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This is a professional development blog primarily for teachers in Spring Branch ISD.

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Math Contest 1, p. 307, #3: You are looking for the area of the shaded part. Given that the area of the sqare is 144 sq. in., you know that each side has a length of 12 inches. That means that your diameter for the circle is 12 in. That helps you find the area for the circle since a circle's area is pi x radius squared. Your radius is 1/2 the diameter which gives a radius of 6 in. in this scenario. So, 3.14 (which is pi) x (6 squared= 36)gives a product of 113.04 for the circle's area. You then need to find the area of the triangle b/c it takes up part of the circle's area which means that 113.04 is not your final answer. Aagain, knowing that the square's sides have a value of 12 in., that gives you the base of your triangle. Using the formula for a traingle's area a= (b x h)/2, base(12) x height (6)= 72 and then divide by 2. the triangle's area is 36. To find the area for the shaded part, you must subtract the triangle's area (36) from the circle's area (113.04) and you get a difference of 77.04 which is the area for the shaded part.

ReplyDeleteMath Contest 2, p. 308, #4: You are finding the length of the missing side of the triangle. You have a 30 degree angle and an opposite side of 8.661 in. This will be used to find the missing side's length (side b). Use the formula: [side a (8.661)/b] = [tangent of 30 degrees (.5774)/1]. That will give you the equation of .5774b = 8.661. Isolate the variable so you have b = 8.661/.5774. Side b has the value of 15 in.

Math Contest 3, p. 309, #3: How many microns are in 8 meters? Use the given info.: a micron equals 0.001 of a millimeter, and your background knowledge of 1000 mm eual a meter and 8000 mm equal 8 meters. Your formula requires division since you are going from a smaller unit to a larger one. You will take the 8000 mm and divide them by the micron (0.001). 8000/0.001 = 8 million microns. There are 8 million microns in 8 meters.

Page 307 #5: I had to find the price of a computer on sale. I used multiplication and then subtraction to figure out the final price. This was a fairly straightforward problem.

ReplyDeletePage 309 #5. I set up the problem as a fraction, and did cross multiplication to figure out how much orange juice I needed to have.

Page 313 #1. I used a table and made a function machine, to figure out the 500th term in the given sequence. Once I figured out the pattern between the given numbers, I could make an equation to come up with the final answer, 3,493.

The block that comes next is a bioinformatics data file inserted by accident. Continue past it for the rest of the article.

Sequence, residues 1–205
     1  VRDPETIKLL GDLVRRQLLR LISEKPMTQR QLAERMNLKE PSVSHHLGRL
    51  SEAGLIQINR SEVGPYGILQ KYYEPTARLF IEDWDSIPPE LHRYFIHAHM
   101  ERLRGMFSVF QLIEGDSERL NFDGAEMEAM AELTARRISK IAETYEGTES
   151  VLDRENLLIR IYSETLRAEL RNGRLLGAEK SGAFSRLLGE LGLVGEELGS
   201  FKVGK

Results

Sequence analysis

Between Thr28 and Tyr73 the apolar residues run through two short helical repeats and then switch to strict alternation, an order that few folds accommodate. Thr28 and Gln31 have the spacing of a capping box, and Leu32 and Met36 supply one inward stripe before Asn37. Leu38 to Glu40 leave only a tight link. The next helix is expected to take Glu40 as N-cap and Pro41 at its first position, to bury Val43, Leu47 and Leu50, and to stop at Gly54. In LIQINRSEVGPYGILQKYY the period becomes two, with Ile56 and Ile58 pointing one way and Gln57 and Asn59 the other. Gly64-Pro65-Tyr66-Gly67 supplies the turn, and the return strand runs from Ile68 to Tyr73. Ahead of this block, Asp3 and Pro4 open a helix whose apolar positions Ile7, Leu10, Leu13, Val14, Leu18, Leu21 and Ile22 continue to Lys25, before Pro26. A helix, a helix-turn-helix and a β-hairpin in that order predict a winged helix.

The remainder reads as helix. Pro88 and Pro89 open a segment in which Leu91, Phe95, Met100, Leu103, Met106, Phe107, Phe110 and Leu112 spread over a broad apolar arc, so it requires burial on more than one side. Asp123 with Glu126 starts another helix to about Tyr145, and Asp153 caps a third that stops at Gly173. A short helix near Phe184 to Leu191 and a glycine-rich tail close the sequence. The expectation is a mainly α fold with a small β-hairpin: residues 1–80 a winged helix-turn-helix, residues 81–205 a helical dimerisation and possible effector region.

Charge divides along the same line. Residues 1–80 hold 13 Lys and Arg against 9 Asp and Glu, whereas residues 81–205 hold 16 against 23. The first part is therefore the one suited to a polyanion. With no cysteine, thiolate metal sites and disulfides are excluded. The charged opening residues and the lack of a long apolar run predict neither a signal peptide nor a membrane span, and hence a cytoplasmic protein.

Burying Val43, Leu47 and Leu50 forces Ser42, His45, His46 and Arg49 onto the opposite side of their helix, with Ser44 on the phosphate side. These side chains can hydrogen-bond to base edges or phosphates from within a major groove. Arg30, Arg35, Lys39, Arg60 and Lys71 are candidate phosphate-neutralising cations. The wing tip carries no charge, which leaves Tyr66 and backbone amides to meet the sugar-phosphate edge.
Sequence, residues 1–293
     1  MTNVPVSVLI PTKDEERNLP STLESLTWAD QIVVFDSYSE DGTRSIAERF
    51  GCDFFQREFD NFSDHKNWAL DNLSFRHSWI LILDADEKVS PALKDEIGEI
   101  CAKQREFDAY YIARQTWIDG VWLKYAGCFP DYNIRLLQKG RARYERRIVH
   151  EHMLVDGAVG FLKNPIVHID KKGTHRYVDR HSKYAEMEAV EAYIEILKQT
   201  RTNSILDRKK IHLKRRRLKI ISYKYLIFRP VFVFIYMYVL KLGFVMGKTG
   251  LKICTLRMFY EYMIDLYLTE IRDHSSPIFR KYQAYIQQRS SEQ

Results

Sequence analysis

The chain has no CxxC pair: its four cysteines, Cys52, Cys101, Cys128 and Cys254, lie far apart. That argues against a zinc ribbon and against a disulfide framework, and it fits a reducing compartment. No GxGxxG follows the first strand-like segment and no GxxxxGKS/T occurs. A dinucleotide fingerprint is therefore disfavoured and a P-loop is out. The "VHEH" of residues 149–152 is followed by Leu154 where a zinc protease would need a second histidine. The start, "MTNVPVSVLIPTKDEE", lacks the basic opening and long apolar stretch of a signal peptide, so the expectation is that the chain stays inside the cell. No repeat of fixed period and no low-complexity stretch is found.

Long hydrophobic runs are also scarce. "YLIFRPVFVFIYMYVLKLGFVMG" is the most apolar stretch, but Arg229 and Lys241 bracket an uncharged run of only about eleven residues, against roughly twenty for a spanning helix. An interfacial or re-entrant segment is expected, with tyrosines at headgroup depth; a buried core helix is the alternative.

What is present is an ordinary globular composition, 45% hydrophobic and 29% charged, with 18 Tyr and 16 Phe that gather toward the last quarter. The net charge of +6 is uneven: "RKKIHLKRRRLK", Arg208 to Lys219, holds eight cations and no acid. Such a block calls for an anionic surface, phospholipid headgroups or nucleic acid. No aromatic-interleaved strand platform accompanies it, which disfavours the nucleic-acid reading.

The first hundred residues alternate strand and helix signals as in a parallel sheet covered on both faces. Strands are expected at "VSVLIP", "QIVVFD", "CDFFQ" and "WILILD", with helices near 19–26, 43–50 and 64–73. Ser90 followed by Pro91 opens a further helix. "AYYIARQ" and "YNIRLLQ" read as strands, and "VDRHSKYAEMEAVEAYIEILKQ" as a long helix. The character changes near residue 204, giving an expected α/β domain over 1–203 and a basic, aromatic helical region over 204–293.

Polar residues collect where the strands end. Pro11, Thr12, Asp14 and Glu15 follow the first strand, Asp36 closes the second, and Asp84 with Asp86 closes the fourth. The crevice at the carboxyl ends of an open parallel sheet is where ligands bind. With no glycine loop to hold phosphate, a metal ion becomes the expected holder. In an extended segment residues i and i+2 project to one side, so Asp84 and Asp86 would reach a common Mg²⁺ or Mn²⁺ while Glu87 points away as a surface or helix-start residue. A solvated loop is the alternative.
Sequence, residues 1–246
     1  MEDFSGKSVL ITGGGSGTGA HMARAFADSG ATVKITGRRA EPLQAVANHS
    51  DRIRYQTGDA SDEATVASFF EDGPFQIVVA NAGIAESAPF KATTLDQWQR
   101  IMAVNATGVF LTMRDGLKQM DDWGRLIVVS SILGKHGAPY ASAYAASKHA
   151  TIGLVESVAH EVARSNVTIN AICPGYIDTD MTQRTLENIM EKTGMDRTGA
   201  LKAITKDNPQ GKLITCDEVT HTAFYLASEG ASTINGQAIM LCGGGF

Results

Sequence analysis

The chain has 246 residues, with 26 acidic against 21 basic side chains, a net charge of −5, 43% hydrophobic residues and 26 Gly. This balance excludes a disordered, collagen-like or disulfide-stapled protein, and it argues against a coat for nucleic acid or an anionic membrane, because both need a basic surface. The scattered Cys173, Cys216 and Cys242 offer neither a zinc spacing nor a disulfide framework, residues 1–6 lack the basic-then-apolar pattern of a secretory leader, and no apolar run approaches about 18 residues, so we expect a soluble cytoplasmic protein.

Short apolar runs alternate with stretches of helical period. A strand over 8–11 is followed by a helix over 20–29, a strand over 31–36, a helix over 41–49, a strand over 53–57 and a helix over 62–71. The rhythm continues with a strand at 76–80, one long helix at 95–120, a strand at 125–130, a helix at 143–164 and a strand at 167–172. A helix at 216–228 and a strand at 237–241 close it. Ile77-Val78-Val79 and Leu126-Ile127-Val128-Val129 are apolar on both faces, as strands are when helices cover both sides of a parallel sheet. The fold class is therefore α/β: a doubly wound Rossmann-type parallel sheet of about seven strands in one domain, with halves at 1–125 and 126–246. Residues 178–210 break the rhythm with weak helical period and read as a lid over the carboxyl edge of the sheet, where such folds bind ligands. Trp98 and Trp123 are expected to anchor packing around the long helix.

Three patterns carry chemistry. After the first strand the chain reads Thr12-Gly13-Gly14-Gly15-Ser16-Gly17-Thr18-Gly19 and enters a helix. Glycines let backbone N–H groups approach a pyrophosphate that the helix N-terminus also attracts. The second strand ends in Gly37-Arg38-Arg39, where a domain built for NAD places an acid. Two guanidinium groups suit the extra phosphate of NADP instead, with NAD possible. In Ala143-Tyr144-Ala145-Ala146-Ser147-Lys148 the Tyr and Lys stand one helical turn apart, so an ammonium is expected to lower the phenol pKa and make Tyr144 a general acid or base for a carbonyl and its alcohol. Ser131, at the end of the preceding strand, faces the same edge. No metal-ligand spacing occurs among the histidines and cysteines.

Problem #1, p.309,(pp.37-42, Algebra): Let Michelle's age = m. Then Bob's age = 4m, and Sarah's age = 2m. m + 4m + 2m = 84 (the sum of all three ages). 7m = 84. Divide both sides of the equation by 7. Therefore, m = 12. Michelle is 12 years old.

ReplyDeleteProblem #4, p.317, (p.152, Ratios and Proportions): Write a proportion, 28/1.28 = 3164/x. The scale factor is 113 (3164 divided by 28). So, the cost of the gasoline for the trip is $144.64 (1.28 times 113).

Problem #4, p.325 (p.249, Simultaneous Equations): Add the two equations to eliminate 'x'; 15y = 30; y = 2; x = 11; substitute for 'x' and 'y' to check.

I did pg 307 number 4. I used the section on algebra to arrive at my answer of the bat costing $9.50. I also did pg 308 number 5. I used the section on volume and fractions to help arrive at my answer of the volume of the quarter being .043 inches cubed. Finally, I did pg 309 number 1. I also used the algebra section to help set up the equation and arrive at my answer that Michelle age is 12. I also had to use a little guess and check for that one by setting up a table…the non-gt way!

ReplyDeletenlopez in response to PKassir on 7/22/10- Page 307 #5: was a fairly straightforward problem. I was actually surprised that such a "simple" problem was included here, but hey, we need all levels and it gives us a real world situation that this could be applied to.

ReplyDeletenlopez in response to tatumt on 7/23/10- Problem #1, p.309,(pp.37-42, Algebra): Thank you for such a simple, straightforward way to solve this. Your solution made me think that I will use your example when I am covering variables this year.

ReplyDeleteContest #9: problem 4: I selected this problem because I loved teaching this when I coached a MathCounts program. The best way to "count" the squares is with an organized list:

ReplyDeleteone 6 by 6; four 5 by 5; nine 4 by 4; sixteen 3 by 3, twenty-five 2 by 2; and thirty-six 1 by 1.

Quickly the students figure out that all they need to do is add the first six perfect squares to get 91.

Contest #10: problem 5: I enjoy these types of logic problems. I wrote three equations initially with the names and then started substituting much the same way the author did in his hamster/dog/turtle/cat question. I came up with 15 years for Sara.

Contest #11: problem 1: I'm not sure what approach the author would have recommended here. I guess I could have made a table where I substituted the different values of x until I got the same results. I found it much faster to use my knowledge of exponenets to write an equation with x on both sides and solve to get x = 8.

I solved problem #5 on page 307,it was finding the new cost after 45% percentage off. This something I am not to terribly good at when I am at the store, but now I can do it!!!

ReplyDelete#1 on page 309, I had to find Michelle's age based on the facts about the other people in the problem. I struggles with this a couple of times in the Einstein level, but was able to solve this one fairly quickly. I do like these kind of problems, but I have to be in the right thinking mode to solve them.

#4 on p. 317, You had to find the cost of gas for a whole trip. This one challenged me the most because there were several steps involved and several problems that had to be combined together to find the final answer.

Overall I enjoyed solving and challenging myself with these math problems here and throughout the whole book.